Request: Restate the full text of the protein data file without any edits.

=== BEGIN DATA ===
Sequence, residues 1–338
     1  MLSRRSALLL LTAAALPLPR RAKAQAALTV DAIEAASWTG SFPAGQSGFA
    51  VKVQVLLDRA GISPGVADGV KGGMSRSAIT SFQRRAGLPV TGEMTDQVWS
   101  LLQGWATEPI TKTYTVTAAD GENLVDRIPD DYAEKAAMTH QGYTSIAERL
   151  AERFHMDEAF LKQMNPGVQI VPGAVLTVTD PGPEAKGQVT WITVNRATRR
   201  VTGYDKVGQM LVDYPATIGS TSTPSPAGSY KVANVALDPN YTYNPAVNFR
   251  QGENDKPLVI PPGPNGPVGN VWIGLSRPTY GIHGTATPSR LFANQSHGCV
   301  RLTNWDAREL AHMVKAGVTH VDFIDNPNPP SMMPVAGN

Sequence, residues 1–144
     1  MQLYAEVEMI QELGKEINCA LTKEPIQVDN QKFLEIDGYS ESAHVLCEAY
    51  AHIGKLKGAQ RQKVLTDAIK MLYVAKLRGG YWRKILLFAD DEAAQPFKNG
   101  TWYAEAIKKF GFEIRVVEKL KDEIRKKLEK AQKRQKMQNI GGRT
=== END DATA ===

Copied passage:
Sequence, residues 1–338
     1  MLSRRSALLL LTAAALPLPR RAKAQAALTV DAIEAASWTG SFPAGQSGFA
    51  VKVQVLLDRA GISPGVADGV KGGMSRSAIT SFQRRAGLPV TGEMTDQVWS
   101  LLQGWATEPI TKTYTVTAAD GENLVDRIPD DYAEKAAMTH QGYTSIAERL
   151  AERFHMDEAF LKQMNPGVQI VPGAVLTVTD PGPEAKGQVT WITVNRATRR
   201  VTGYDKVGQM LVDYPATIGS TSTPSPAGSY KVANVALDPN YTYNPAVNFR
   251  QGENDKPLVI PPGPNGPVGN VWIGLSRPTY GIHGTATPSR LFANQSHGCV
   301  RLTNWDAREL AHMVKAGVTH VDFIDNPNPP SMMPVAGN

Sequence, residues 1–144
     1  MQLYAEVEMI QELGKEINCA LTKEPIQVDN QKFLEIDGYS ESAHVLCEAY
    51  AHIGKLKGAQ RQKVLTDAIK MLYVAKLRGG YWRKILLFAD DEAAQPFKNG
   101  TWYAEAIKKF GFEIRVVEKL KDEIRKKLEK AQKRQKMQNI GGRT